Sunshine coaxes the Foxgloves and I am bee-seiged by ‘friends’

The garden has grown a lot thanks to rain and lots of sunshine – with Foxgloves and others coming into bloom… plus a surge of bees cause a problem!!

After weeks of dreary rain, and then days of hot sunshine, the garden has rapidly grown.

Foxglove 'Excelsior Hybrids Mixed'
The first Foxglove ‘Excelsior Hybrids Mixed’ flowers

Today has seen the first flowers emerging from the lush green growth that has flourished in the recent weather conditions. The Foxglove ‘Excelsior Hybrids Mixed’ that I sowed last year and have spent months nurturing, have finally opened the first of its flowers, having spent the last couple of weeks reaching skywards with long prongs of tightly closed buds. The first of these opened today, but many others have their buds ready to uncurl in the next few days.  It’s very satisfying to see these finally come into flower.

Nepeta 'Six Hills Giant'
The Nepeta ‘Six Hills Giant’ survived the winter.

These Foxgloves were joined by the return of the Nepeta ‘Six Hills Giant’ with its gentle blue flowers that lure bees, and the bright white of the Caraway ‘Carum Carvi’ herb – another survivor of the winter, which probably disgusts mistaken passers-by who wonder why i’m growing ‘Cow Parsley’ (Anthriscus sylvestris).

Caraway 'Carum Carvi'
The Caraway ‘Carum Carvi’ on flower

Anyone following me on twitter will know that after all my efforts to encourage bees to the garden, I have somewhat overdone it…. by getting bees in my loft. Whilst they pose no immediate harm, a bee-keeper will soon be venturing through the loft hatch to coax them out before they do any damage.

In the meantime, their night-time buzzing and strange noises are fascinating, and there’s a distinct warm spot on my ceiling, caused by their nest, which gives an agitated buzzing reply if you gently tap it.

I’ve also planted out some of the Salvia ‘Farinacea Victoria’, the French Bean ‘Blue Lake’ and the Nasturtium ‘Jewel Mixed’ – the latter two no doubt causing great joy amongst the snail herd.

Planting out

I’ve been planting out my seed-grown plants today – all 3 hours of them!

I’ve just come in from an afternoon of planting out.

After a few days of rain (thunder, lightning, flooding, hail etc…), I took the opportunity to put out the plants that i’d nurtured from seed and also the few that i bought at a trip to Homebase and Huntingdon Garden and Leisure.

It’s taken me almost 3 hours of planting but I have finally given most of the Antirrhinum ‘Chuckles’ their release into the wild. A few had begun to flower, the ones that I’d transplanted into normal trays had got lanky, but the ones that i’d transplanted into plugs were smaller and more upright. Still, i’ve picked them out and planted them everywhere (with loads left over… oops).

Antirrhinum 'Chuckles'
Antirrhinum ‘Chuckles’ – waiting to be planted out

After all my sowing, re-sowing (due to poor germination rate) and nurturing, including fending off a flock (?) of snails, I’ve ended up with a paltry half-a-dozen Marigold ‘Boy O’ Boy Orange (French)’. This is disappointing considering that my mother has them growing like weeds! No doubt she’ll remind me of this when she visits next.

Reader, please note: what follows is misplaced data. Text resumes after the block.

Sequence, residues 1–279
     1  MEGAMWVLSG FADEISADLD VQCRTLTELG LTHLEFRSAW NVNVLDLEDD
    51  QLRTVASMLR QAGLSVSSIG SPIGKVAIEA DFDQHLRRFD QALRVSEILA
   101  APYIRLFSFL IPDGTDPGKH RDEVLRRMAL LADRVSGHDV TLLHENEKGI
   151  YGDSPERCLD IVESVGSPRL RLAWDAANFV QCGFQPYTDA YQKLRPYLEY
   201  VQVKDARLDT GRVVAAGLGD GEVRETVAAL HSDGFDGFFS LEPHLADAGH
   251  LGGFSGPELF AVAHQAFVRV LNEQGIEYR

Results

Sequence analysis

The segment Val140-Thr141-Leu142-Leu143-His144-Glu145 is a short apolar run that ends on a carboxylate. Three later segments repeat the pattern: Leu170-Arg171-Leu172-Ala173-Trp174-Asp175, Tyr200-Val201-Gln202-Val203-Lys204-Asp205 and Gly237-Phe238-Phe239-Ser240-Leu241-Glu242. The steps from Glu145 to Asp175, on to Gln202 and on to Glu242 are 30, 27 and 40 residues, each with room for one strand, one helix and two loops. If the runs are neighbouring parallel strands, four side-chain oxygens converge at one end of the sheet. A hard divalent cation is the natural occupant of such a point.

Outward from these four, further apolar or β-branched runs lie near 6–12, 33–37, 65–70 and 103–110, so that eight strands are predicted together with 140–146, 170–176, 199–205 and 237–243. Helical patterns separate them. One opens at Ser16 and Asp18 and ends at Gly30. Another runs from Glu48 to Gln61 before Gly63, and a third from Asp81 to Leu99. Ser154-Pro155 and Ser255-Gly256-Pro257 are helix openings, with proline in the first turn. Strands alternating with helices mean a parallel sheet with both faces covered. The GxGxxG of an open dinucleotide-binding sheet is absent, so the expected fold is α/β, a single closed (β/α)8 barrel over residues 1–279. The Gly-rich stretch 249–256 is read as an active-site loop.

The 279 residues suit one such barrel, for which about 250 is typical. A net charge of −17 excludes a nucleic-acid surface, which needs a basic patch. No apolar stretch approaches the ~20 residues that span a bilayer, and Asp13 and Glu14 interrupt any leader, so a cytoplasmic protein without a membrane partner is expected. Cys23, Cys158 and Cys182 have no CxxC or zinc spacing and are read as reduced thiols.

With some very carefully tying up of my Sweet Pea ‘Cupani’, in a bid to entice them upwards, I’d noticed that one of the canes that I’d set two against now has no sign of a plant. So, with it being late in the season, I decided that I would pop two Pea ‘Celebration’ seeds in to see if they’d like to grow and give me some tasty green petit pois late in the season.

I was really pleased to see the bees out in full force today. It was almost like they thought they’d help me in the garden. They’re all over the Lavender and also going for the Salvia ‘Nemerosa Ostfriesland’ that I bought yesterday. I reckon that bees love blue flowers.

The Buddleia that I took from cutting months ago, and which I planted out a few weeks back, looks like it’s heading towards a flower. It’s still quite short, and the Foxglove ‘Digitalis’ that I bought from Tesco, is towering over it ready to burst. According to my mother (!) the bees love that Buddleia – it’s white. The Foxglove is meant to be a creamy yellow-white – so the bees will be in for a treat.

Speaking of Foxglove, I’ve just set some Foxglove ‘Excelsior Hybrids Mixed’ seeds in a propagator to grow some new plants for next year. Buying the plants is expensive, but the seed is a cheap and easy way to get loads of them.

Right, that’s enough for now – time to make a cuppa and put my feet up!

Cosmos and Digitalis (Foxglove)

Today i bought some cheerful Cosmos and Digitalis (Foxglove) for the garden.

This weekend I bought some plants for my garden.

This is slightly unusual as so far I have just grown them from cuttings or from seeds, but I fell in love with the beautiful Cosmos at my local Twenty Pence Garden Centre and they were on a 3 for 2 offer.

The pink Cosmos flowers add a burst of colour.

Then today, whilst in Tesco, I spotted that they were selling Digitalis Primrose Carousel (better known as Foxglove) for £3. Whilst Foxgloves are toxic, they are very popular amongst bees, and this is something that I am passionate in encouraging into the garden.